I am really confused by my government right now, because when it comes to climate action, it feels like I have two different governments. One government is in Paris, and their words on climate sound like the kind of ambition we need. The other one is in Ottawa, and its actions are looking more and more like the Harper government's on climate change.
It is the people in the poorest countries that are and will be most affected by the consequences of climate change. A recent World Bank report on the subject states that climate change will possibly lead more than 100 million people below the poverty line by 2030, in addition to the one billion individuals already living this harsh reality.
We keep hearing about the need to keep global climate change below a target of two degrees Celsius. However, few people know where this comes from. The reason for this is that the target is one of the most deliberately muddied topics in the climate change debate -- not a scientific number, but a political one.
It is a sad coincidence that Maurice Strong has died on the eve of another ambitious attempt, this time in Paris, to come to grips with global environmental crises that have become ever more grave. We can only hope that a reinvigorated diplomatic corps inspired by fresh political leadership will once again do our country proud.
Fossil fuel companies have not managed to get a much coveted seat at the actual negotiating table during COP decision-making. But they are lobbying so hard that they hope politicians will come up with pro-industry solutions. A growing number of public interest groups want the fossil fuel lobby barred from the UN process.
Rachel Notley's challenge has been to reassure the fiercely skeptical Alberta business elites that were horrified to wake up last May to discover the NDP had risen to power. With the economy already hammered by plummeting oil prices, they feared that the New Democrats would inflict further damage through a climate change plan that would drive up costs and cripple the oil sands. But business leaders in the Alberta can read the financial press as well as the rest of us and now seem to be buying Rachel Notley's view that they better try to be part of the solution.
As the president of Tree Canada, an organization that's helped plant more than 80 million trees over the past 20 years, you might expect an argument against cutting down a "live tree," but make no mistake -- you are helping both the environment and the community you live in when you choose a real tree.
The U.S. decision on Keystone XL sent a clear message: Tar sands pipeline projects like the ones currently under consideration or subject to litigation in Canada -- TransCanada's Energy East Pipeline, Kinder Morgan's Trans Mountain Expansion Project, and Enbridge's Northern Gateway Project -- are not the way of the future.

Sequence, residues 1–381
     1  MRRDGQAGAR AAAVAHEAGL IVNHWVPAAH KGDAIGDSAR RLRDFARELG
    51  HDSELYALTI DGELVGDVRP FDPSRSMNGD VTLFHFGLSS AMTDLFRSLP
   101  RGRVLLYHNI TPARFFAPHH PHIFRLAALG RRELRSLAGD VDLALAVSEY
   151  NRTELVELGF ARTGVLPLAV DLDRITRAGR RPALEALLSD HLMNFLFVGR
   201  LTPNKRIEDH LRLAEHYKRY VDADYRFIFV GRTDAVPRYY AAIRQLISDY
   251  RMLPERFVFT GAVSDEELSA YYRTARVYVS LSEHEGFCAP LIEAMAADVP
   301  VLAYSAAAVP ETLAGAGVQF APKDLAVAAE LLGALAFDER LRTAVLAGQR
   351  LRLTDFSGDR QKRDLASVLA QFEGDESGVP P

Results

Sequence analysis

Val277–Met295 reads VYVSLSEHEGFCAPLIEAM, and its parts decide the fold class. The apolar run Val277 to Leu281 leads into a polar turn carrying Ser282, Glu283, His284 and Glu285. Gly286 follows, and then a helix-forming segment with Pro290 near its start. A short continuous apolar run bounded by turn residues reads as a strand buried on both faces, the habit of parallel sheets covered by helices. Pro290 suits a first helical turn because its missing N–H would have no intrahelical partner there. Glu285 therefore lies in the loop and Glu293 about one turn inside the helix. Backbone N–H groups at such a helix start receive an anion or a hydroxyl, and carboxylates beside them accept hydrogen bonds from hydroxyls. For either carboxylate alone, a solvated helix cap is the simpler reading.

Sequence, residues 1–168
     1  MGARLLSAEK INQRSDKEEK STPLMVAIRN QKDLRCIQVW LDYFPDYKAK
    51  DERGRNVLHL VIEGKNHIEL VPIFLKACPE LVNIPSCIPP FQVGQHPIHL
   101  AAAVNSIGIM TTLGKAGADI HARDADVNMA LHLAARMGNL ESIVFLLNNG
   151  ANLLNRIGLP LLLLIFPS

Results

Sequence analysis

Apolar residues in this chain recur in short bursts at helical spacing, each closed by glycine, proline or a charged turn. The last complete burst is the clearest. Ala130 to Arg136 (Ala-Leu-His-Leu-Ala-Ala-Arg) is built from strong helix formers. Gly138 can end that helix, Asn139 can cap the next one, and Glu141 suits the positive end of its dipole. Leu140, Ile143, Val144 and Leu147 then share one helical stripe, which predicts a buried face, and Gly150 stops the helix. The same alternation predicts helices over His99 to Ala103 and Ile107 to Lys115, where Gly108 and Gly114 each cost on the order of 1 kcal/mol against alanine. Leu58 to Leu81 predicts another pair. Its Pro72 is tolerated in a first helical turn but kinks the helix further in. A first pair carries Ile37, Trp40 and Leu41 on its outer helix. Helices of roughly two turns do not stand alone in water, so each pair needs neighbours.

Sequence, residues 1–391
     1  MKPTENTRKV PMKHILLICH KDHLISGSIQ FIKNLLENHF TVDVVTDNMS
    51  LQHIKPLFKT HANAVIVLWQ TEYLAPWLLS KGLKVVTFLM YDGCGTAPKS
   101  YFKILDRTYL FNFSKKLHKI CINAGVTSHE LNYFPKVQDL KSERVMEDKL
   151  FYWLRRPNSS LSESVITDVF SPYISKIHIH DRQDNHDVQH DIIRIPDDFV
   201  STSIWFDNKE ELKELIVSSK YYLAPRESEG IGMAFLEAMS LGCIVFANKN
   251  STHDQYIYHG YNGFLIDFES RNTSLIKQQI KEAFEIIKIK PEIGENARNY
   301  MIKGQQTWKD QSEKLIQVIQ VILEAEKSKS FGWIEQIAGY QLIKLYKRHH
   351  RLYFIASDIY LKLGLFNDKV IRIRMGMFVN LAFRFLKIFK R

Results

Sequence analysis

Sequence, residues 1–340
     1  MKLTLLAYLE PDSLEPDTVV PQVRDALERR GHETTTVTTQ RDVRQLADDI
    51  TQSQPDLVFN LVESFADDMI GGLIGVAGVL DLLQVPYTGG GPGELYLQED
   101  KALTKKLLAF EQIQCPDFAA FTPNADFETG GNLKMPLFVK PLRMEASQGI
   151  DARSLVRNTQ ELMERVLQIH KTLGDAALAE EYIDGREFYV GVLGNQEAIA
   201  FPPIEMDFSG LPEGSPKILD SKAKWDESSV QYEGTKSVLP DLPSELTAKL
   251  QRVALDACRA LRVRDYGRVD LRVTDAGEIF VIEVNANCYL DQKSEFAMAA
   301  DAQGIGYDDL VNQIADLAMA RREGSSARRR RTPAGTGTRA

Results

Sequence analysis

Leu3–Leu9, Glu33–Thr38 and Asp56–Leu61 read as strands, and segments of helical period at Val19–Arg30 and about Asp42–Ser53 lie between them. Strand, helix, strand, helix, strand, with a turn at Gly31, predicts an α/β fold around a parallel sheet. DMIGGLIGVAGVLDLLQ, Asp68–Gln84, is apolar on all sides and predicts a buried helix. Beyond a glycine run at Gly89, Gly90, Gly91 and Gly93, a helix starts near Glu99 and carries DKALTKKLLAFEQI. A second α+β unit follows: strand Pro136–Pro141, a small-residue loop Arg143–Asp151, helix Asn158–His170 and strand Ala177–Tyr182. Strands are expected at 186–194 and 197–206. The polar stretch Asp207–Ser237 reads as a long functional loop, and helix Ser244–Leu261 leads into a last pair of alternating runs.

Blinders are often used to keep horses racing in a straight line and free from distraction. However, some horse race experts argue that true competitors want to see what's coming. They say expanding the field of vision expands possibilities. Blinders are fine if you're doing the same thing over and over like going around a track but adapting to a new set of circumstances requires you to see the whole context.
90 per cent of all new wells drilled in B.C. that would supply the province's proposed liquefied natural gas (LNG) industry will be fracked. Fracking demands massive amounts of freshwater, industrializes large areas of northeast B.C. and has major impacts on the climate. So, how is the B.C. government getting away with touting this industry as a "clean" energy resource?
It is bad enough that the government allows multinational companies to privatize a public resource, it is even worse that taxpayers are being hosed by charging so little for it. Several industries get a total free ride when it comes to taking our water. Those who do pay for taking water are charged a paltry $3.71 per million litres used. This is not a typo.
Both Trudeau and his new ministers have their work cut out from them when it comes to really getting Canada back on course on climate. That's why today, I'm outside of Trudeau's home with dozens of other people kicking off what could be largest act of civil disobedience on climate change in Canada's history.
When we compare the water footprint of soy milk and cow's milk, we find that the water production footprint of one litre of cow's milk is more than three times that of soy milk. Replacing cow's milk with soy milk would not only be a good thing for water preservation, it's also a wise choice to reduce greenhouse gas emissions.